Demand or destruction: Two ways out of the profitability puzzle

In my previous post, I outlined the disconnect between profitability and investment in Canada’s private sector.  While businesses are doing well and profits have rebounded quickly after the global financial crisis of 2007, investment has continued its slow and steady 20-year decline.  This decline is especially visible when investment is related directly to profits. Slightly more than 60% of gross profits are currently being re-invested, down by a third relative to just two decades ago.  Such a gap between strong profitability and dismal investment does not correspond with standard accounts of how the economy functions.  According to standard accounts, strong profitability should encourage investment, not depress it further.  This theoretical relationship is not borne out in recent Canadian experience.

While the last post also examined a few factors that could have been at play in creating this odd state of affairs, here I want to move in the opposite direction and look at two competing pictures of how to revive low private-sector investment.  The first picture comes from Keynes, the second from Marx.  I am particularly indebted to Michael Roberts, who has written extensively on the crisis from a UK perspective and who used a similar framework in a recent article (on the adoption of the idea of a permanent slump by mainstream Keynesians).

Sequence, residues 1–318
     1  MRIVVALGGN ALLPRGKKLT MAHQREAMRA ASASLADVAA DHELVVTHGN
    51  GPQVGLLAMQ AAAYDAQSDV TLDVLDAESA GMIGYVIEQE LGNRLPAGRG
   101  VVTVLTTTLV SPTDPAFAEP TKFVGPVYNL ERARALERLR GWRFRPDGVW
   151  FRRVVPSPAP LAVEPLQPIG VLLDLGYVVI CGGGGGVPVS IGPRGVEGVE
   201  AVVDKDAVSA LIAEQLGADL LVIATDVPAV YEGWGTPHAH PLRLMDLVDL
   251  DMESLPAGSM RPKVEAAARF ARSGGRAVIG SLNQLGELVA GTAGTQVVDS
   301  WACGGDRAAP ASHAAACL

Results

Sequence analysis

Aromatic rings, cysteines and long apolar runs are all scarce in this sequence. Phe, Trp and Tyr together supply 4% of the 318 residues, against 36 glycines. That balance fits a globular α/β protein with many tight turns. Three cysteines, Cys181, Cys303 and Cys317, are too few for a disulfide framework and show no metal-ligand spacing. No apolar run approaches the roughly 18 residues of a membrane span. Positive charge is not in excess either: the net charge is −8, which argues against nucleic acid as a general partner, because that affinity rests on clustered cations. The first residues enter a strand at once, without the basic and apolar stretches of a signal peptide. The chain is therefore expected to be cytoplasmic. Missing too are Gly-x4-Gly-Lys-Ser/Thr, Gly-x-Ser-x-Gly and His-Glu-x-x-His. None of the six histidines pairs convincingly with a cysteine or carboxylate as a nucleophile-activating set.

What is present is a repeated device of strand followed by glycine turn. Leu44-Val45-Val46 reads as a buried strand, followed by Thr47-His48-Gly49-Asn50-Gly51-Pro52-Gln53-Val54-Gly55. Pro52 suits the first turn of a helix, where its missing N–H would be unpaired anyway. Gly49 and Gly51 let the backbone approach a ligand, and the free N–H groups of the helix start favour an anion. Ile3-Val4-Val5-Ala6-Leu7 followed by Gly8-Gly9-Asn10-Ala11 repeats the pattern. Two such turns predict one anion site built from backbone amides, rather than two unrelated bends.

The two pictures agree on a diagnosis of on-going stagnation – with low investment being just one feature.  Indeed, the lack of sustained recovery across much of the developed world has led increasing numbers of mainstream economists to declare that the current slowdown is permanent.  Paul Krugman, likely the most prominent Keynesian economist, recently wrote that we may have entered a “permanent slump.”  Even the more hawkish Larry Summers has added his voice to the chorus, referring in a recent speech at the IMF to a period of “secular stagnation”.  Many Marxist and other radical economists have, of course, been making the same point for years, citing a variety of structural changes and imbalances in the economy, particularly those that characterize the neoliberal period that began in the 1970s when the great post-war boom lost steam.

While their diagnosis may be similar, Keynesian and Marxian economists see the way out of the current long-term slump rather differently.